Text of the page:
>General Running>Getting max HR
I have track workout tonight and I want to test out what my max HR is using my new HRM strap. The coach usually prescribe variations of 400s or 800s with 200 recoveries, between 5-10 sets for a total of 20-30 minutes of running. I'm wondering if these intervals are long enough to push the HR to max? Or if longer sustained effort is necessary (1k? 2k? 3k?) (if so I will tack that on to the end of the workout). Thanks.
Here's a link from the low HR forum on getting your max HR - http://www.runningahead.com/groups/LOWHRTR/forum/a309acc6bdba4ceeb05b310866086309/resume#focus
I personally don't add 5 beats to my number like they say though, I just stick with the number my HRM gives me as my max.
I think you could just add some all out sprints to the end of the workout you are planning tonight and get a pretty accurate number for your max. You want to basically simulate the all out sprint at the end of a race. Maybe after the interval workout is done (but before you are fully recovered and while you are still warmed up), run another 200m at close to all out pace, then do a very short rest where you still haven't really caught your breath and your heart is still pounding and go for another 200m sprint. Run it like you are running a 100m sprint and give it everything you have and then just keep at it for the next 100m until you finish. I think that should get it close.
When I was first trying to figure out my max HR I did something similar and came up with 187, then I hit 192 at the end of a race later on and finally hit 194 at the end of one race and that's as high as it's ever gotten.
Age: 48 Weight: 202 Height: 6'3" (Goal weight 195)
Current PR's: Mara 3:36:08 (2016); HM 1:36:42 (2015); 10K 43:59 (2014); 5K 21:12 (2016)
"Retired From Running"
The only way I've been able to reliably get my heart rate up to max is on a treadmill cranked up to 15% or more incline - starting off fairly slow for about 10 minutes to get warmed up, then start slowly speeding it up and watching your heart rate increase until you feel like you're going close to all out effort; then speed up the treadmill some more and keep going - when your heart rate stops increasing and you keep going some more until you are at (or go past) the point of collapse, you MIGHT be at your max heart rate. Make sure you have the treadmill safety stop cord attached securely to you so if and when you do collapse the treadmill will shut off. I have done this a couple of times in the past and I can only hold at my max heart rate for a few seconds once I reach it. BTW this test seems to really annoy the heck out of the people on all the other treadmills and ellipticals, since it's rather noisy and somewhat dramatic to the uninitiated...
Or you could just warm up thoroughly and run hard laps on the track, finishing with an all-out lap and watch your HRM, and add a few extra beats to the highest number you see.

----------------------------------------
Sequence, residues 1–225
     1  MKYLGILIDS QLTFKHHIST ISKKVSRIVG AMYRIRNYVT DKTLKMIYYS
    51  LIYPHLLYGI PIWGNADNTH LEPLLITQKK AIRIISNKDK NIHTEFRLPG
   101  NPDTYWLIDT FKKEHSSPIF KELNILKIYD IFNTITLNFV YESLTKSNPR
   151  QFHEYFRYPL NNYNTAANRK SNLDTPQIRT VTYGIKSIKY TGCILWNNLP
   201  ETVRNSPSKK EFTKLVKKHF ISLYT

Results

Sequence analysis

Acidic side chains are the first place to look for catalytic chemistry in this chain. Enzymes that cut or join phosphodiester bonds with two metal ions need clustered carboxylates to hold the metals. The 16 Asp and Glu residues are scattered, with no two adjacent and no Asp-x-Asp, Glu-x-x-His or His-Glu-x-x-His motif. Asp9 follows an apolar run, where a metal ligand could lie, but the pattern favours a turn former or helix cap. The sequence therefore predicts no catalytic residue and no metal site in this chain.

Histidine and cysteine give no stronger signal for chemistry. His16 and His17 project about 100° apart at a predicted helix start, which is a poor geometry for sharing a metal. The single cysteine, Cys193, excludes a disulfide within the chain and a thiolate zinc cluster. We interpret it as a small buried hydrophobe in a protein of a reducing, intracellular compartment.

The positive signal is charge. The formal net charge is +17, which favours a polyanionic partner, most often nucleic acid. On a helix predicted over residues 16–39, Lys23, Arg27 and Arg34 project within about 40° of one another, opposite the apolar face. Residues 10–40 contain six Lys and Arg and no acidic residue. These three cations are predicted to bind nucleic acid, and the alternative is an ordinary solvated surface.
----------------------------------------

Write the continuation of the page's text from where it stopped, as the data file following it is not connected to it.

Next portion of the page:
If you race a 5k at full effort and particularly make sure you put every possible ounce of effort into the last few hundred metres you'll get to your max HR or within a beat or two anyhow.
I'm also someone that has only ever managed to max out on very hard climbs.
I wouldn't even bother on a track because I know it'd be a whole bunch of pain for nothing.
I agree with hard climbs and 5k races under good conditions.
Or take the point where you start to get breathless and divide by 0.9 to get HRmax. That may give you a good approximation. It did for me - or at least a number that makes sense. (I hadn't seen Joe Friel's stuff when I did this.) A stress test got me about 10bpm higher before they stopped the tm and suggested I not do that.
Or use LT HR and zones suggested by Joe Friel.
Thanks all for the suggestions. Intervals last night was 400x10. I ran quite hard near the end and my legs were too wobbly to make an attempt to run further. When I got the data afterward it seems that my HR had not plateau, it was still peaking but was cut short by the end of the 400, so I was not running long enough. I think my HRmax may be another 5 to 10 beats away, I'll find out next time I race a 5k. I find it interesting that the HR drops so fast when I slowed down, making plots is fun
Your chart reveals why a hrm is practically useless for intervals.
Note the lag between when your effort starts and stops and when your hr responds.
Anyway, you really stuck it out with that workout so kudos for that! Did you start increasing your rests or slowing them down after your fifth rep?
MTA: Oh, yes, the blue line is pace and you did slow the rests down quite a bit after the 5th. Interesting to see the hr response when you did that. I like the charts, too!
find it interesting that the HR drops so fast when I slowed down,
How fast your Heart rate drops after intense exercise is a good sign of your fitness... much better than resting heart rate. (Since resting is both conditioning and genetics)
I think it's cool to measure now and again.